Anyone who has ever conducted business activities in Poland knows, that there’s a number of workers employed under the so-called civil Law contracts. Let’s take a closer look.
Currently, there are 2 types of „employment” contracts that exist under the current Polish Law, that are known to every Pole:
- umowa zlecenia type of contract;
- umowa o dzieło type of contract.
They are usually translated as Mandate Contract (zlecenie) and Specific-task contract (o dzieło) respectively.
Although to be fair, the latter is often translated as “Contract for Specific Work” or “Contract of Commission”, so if you ever stumble upon any of those terms — they all mean the same. Specific-task contract.
Okay, but how do they differ from the traditional employment contract?
Well, the trick is that despite their universal popularity here in Poland, they are not actually employment contracts. Meaning: they are not regulated by the Polish Labour Law.
They are Civil Law contracts and as the name suggests are exclusively regulated by the provisions of the Polish Civil Code.
Those types of contracts are way more flexible, than their traditional counterpart umowa o pracę (employment contract), which makes them extremely popular among everyone, who runs a business in Poland.
As in this case, the labour costs of hiring an employee are significantly lower.
With IT specialists being of the few exceptions by the way. Polish prefer working under the so-called B2B contract. Meaning: you gotta be registered as a sole trader or work through our virtual company. The latter is a good solution for foreigners from outside the EU, who cannot register themselves as sole traders.
But let’s get back to our Civil Law contracts. In this article let’s take a closer look at the umowa o dzieło type of a civil law contract.
One thing that should be understood is that the mandate contract and the specific-task contract are fundamentally different.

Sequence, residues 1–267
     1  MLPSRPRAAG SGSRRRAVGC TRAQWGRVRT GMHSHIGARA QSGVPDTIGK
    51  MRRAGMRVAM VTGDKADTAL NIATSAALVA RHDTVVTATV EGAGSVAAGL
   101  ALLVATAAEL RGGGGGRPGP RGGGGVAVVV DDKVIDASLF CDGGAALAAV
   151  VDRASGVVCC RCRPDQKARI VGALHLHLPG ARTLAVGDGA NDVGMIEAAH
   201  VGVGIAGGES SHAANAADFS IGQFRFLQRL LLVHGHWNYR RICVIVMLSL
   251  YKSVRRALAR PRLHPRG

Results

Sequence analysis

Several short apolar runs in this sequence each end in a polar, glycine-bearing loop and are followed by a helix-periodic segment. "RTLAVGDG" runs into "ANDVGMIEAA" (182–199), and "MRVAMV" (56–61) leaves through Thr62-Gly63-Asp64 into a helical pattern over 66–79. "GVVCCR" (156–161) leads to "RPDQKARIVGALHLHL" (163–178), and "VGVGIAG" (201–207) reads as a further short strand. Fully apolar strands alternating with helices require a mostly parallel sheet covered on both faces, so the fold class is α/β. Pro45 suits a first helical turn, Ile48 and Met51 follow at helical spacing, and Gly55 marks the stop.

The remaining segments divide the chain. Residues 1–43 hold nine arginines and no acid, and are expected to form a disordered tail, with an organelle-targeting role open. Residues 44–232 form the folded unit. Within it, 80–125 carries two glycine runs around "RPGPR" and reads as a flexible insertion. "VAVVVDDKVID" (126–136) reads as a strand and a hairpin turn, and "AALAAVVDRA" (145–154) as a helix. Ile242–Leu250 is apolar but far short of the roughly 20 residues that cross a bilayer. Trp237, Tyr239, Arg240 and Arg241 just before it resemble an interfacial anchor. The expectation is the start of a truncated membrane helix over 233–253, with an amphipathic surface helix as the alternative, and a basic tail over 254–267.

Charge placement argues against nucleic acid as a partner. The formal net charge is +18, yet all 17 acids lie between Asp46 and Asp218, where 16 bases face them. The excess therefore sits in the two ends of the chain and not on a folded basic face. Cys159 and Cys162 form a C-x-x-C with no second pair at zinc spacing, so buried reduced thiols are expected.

While the first one can be used for any type of work (we can think of it as the lite-version of your traditional employment contract, fewer obligations for both Parties), the 2nd works on a project basis.
It basically means that it is used when an employer wants the worker to perform a certain specific type of work or a project. It cannot be used for any type of activity.
You see, this specific-task or “dzieło”, as it is called in Polish, is actually defined under the current Law. It must be a unique, independent, specific work, or piece of work.
Let’s take an example. Imagine, that you are planning on hiring an IT specialist to create a mobile app on iOS — the specific-task contract can be applied. We are good.
However, if you are looking for seasonal workers to pick up strawberries or you are opening a language school and looking for teachers, you cannot hire them under this type of contract.
Teaching your class Spanish is not an independent piece of work like a mobile app is, or a brand book or a module for a desktop program.
Furthermore, in accordance with the law, this task must be unique — therefore created only once. That is why modifying an old project is out of the question. As it cannot be considered a typical dzieło (from the legal point of view).
It’s a common mistake when using this type of contract.
But why use it all? Well here’s a couple of advantages.
Specific-task contract: Pros and Cons
Under the specific-task contract, both Parties mutually agree that the Contractor will provide a result within a specific time frame.
The details are usually less relevant (from the legal point of view), time and place are chosen by the Contractor. So are the tools the Party will be using.
Furthermore, unlike your typical employment contract, any work performed under the specific-task contract can be further delegated to a subcontractor. Unless the contract says otherwise of course.
In addition, the minimum wage provision does not apply to this type of contract. Just to remind you, the current minimum wage is set at PLN 2600 gross (applies from 1/1/2020).
So, for instance if you hire someone to create a logo, the other Party can charge you PLN 500 for the said logo. It’s all good.
There are no mandatory social security contributions (ZUS) or health insurance or sick leaves. The only tax, that s applicable is the Personal Income Tax (PIT). The current tax rate is 17%.
Only 80% of the whole amount is subject to PIT. Even less (50%) if you transfer copyright ownership for the work created.
The remuneration is usually paid upon the task completion or on monthly basis e.g. specifying that the remuneration will be paid in instalments.
To sum it up:
- favourable tax-deductible expenses;
- freedom to choose the suitable method of performing the task;
- tasks can be delegated (unless your contract states otherwise);
As we said before these types of contracts are less popular among workers, for the above-mentioned lack of social security, no sick leave and pension contributions. Lower labour costs do come at a price, after all.
Please do remember, however, that as these type of contracts fall under the provision of the Polish Civil Code, all claims (should something go wrong) will be made in a Polish civil court.